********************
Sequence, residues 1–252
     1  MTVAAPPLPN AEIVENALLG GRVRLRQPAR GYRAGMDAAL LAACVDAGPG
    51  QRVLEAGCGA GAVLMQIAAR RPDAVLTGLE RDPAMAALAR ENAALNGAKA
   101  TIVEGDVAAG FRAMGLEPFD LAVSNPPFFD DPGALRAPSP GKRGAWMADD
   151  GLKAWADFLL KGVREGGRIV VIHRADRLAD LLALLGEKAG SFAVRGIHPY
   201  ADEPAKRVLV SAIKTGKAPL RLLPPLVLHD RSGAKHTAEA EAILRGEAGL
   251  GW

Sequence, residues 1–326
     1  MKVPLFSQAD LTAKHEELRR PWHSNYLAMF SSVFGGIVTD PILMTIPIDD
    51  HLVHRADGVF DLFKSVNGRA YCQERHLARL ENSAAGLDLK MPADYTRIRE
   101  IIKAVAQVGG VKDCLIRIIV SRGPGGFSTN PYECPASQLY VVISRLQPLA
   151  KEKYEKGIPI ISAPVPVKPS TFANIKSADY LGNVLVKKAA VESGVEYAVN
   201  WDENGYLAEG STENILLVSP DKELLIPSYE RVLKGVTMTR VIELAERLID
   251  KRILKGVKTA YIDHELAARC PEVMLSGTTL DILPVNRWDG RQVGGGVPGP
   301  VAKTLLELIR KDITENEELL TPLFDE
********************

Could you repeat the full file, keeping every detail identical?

Sequence, residues 1–252
     1  MTVAAPPLPN AEIVENALLG GRVRLRQPAR GYRAGMDAAL LAACVDAGPG
    51  QRVLEAGCGA GAVLMQIAAR RPDAVLTGLE RDPAMAALAR ENAALNGAKA
   101  TIVEGDVAAG FRAMGLEPFD LAVSNPPFFD DPGALRAPSP GKRGAWMADD
   151  GLKAWADFLL KGVREGGRIV VIHRADRLAD LLALLGEKAG SFAVRGIHPY
   201  ADEPAKRVLV SAIKTGKAPL RLLPPLVLHD RSGAKHTAEA EAILRGEAGL
   251  GW

Sequence, residues 1–326
     1  MKVPLFSQAD LTAKHEELRR PWHSNYLAMF SSVFGGIVTD PILMTIPIDD
    51  HLVHRADGVF DLFKSVNGRA YCQERHLARL ENSAAGLDLK MPADYTRIRE
   101  IIKAVAQVGG VKDCLIRIIV SRGPGGFSTN PYECPASQLY VVISRLQPLA
   151  KEKYEKGIPI ISAPVPVKPS TFANIKSADY LGNVLVKKAA VESGVEYAVN
   201  WDENGYLAEG STENILLVSP DKELLIPSYE RVLKGVTMTR VIELAERLID
   251  KRILKGVKTA YIDHELAARC PEVMLSGTTL DILPVNRWDG RQVGGGVPGP
   301  VAKTLLELIR KDITENEELL TPLFDE